Ambiguity. A property of linguistic expressions, primarily. An expression is ambiguous if it has two or more distinct meanings. Back in the day a guy asked me, "Where's your head, man?" I thought he was inquiring into my psychological state, but he merely needed to relieve himself. 'Head' is ambiguous. In its nautical use it refers to a toilet. Ambiguity is either syntactic or semantic. The example lately offered is semantic.
Amphiboly. An amphiboly is a syntactic ambiguity. Scope ambiguity is one subspecies. Consider 'Whatever happens must happen.' On an innocuous parsing with the modal operator operating on the whole sentence, it comes out a trivial logical truth:
Necessarily, whatever happens, happens.
But if the modal operator is imported into the sentence and attached to the consequent of the conditional, we get a probably false piece of fatalist metaphysics:
Whatever happens, necessarily happens.
Equivocation. An equivocation is a semantic ambiguity. Consider this abortion argument:
The fetus is a part of a woman's body.
A woman has the right to do whatever she wants with any part of her body.
A woman has the right to do whatever she wants with the fetus, including having it killed.
Is 'part' being used in the same sense in the first and second premises? If not, the argument succumbs to the fallacy of equivocation. I would say that the argument does so succumb. For the minor to be uncontroversially true, the term 'part' must be given a narrow reading that exclude the fetus. But for the major to be true, 'part' must be construed broadly so as to include it. Ergo, etc.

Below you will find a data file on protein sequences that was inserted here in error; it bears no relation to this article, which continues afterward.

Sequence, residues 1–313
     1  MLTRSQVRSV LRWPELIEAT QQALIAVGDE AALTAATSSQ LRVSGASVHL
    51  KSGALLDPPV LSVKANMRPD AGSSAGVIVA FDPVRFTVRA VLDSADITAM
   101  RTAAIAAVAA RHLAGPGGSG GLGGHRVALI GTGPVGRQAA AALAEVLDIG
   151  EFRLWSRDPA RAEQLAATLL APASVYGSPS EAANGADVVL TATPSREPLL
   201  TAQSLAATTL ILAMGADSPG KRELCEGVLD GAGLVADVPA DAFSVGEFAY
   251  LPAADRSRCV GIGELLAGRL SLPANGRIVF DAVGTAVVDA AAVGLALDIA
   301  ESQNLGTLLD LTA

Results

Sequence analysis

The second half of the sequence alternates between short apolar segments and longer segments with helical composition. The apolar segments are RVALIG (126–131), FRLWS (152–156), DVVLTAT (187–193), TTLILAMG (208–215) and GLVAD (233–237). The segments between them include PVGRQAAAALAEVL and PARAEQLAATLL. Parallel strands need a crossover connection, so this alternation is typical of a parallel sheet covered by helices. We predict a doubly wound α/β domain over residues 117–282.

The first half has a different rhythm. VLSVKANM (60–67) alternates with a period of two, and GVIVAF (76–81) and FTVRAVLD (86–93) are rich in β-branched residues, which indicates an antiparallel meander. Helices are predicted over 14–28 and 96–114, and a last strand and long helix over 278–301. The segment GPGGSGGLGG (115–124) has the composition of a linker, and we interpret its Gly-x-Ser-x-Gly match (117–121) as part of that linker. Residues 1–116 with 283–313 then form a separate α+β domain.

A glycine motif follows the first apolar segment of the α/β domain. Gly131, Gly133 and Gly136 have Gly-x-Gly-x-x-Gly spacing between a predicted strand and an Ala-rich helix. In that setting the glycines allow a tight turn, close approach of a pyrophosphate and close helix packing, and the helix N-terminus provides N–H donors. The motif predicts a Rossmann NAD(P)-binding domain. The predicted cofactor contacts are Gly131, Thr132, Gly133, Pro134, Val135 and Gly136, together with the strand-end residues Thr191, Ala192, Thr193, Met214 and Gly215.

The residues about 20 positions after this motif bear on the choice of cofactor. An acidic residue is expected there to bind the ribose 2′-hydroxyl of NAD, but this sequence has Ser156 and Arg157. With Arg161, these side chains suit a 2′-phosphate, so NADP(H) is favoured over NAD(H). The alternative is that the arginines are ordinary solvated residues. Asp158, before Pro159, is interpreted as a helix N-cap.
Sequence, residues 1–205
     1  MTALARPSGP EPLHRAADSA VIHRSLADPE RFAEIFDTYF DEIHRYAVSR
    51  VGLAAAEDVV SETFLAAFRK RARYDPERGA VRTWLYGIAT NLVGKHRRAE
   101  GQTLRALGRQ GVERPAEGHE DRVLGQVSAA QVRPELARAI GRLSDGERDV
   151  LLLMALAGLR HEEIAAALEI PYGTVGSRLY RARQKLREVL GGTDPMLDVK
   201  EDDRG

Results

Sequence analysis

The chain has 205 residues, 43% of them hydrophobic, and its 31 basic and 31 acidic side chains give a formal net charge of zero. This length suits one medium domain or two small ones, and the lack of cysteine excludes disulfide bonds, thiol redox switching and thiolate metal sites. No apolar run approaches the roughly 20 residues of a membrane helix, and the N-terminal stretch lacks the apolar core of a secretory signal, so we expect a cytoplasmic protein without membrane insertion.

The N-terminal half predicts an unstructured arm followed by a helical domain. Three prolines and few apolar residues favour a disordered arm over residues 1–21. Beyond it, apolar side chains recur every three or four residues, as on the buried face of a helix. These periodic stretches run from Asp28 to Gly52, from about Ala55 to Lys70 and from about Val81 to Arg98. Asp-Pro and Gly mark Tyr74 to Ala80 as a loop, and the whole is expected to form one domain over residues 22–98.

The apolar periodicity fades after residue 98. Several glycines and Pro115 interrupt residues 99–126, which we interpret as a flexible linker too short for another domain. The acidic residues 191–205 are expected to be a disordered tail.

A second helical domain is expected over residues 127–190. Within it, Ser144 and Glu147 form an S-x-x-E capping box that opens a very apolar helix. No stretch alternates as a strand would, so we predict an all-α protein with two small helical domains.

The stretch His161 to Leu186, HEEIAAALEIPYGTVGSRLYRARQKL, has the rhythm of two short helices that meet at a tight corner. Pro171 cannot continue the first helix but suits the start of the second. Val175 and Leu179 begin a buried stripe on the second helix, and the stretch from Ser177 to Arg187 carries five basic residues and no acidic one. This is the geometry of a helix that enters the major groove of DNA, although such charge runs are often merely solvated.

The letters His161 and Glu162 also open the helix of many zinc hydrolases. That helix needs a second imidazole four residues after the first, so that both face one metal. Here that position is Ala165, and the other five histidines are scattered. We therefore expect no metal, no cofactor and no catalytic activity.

Vagueness. If an ambiguous expression harbors a multiplicity of distinct meanings, a vague expression lacks a definite meaning. Ambiguity and vagueness should therefore not be confused. To have multiple definite meanings is not the same as to have no one definite meaning.
Generality. Statements divide into the singular and the general. General statements divide into the universal, the particular, and the generic. 'Socrates is a man' is singular. 'All men are mortal' and 'Some mortals are men' are universal and particular respectively. 'Germans are industrious' is generic. For more on generics see Generic Statements.
Please avoid the phrase 'vague generalities.' Just as you shouldn't confuse ambiguity with vagueness, you shouldn't confuse vagueness with generality. Most generalizations have a definite meaning.
Disambiguation. If an expression is ambiguous, then it cries out for disambiguation. To disambiguate is to remove ambiguity by listing the different meanings of a word or phrase or sentence.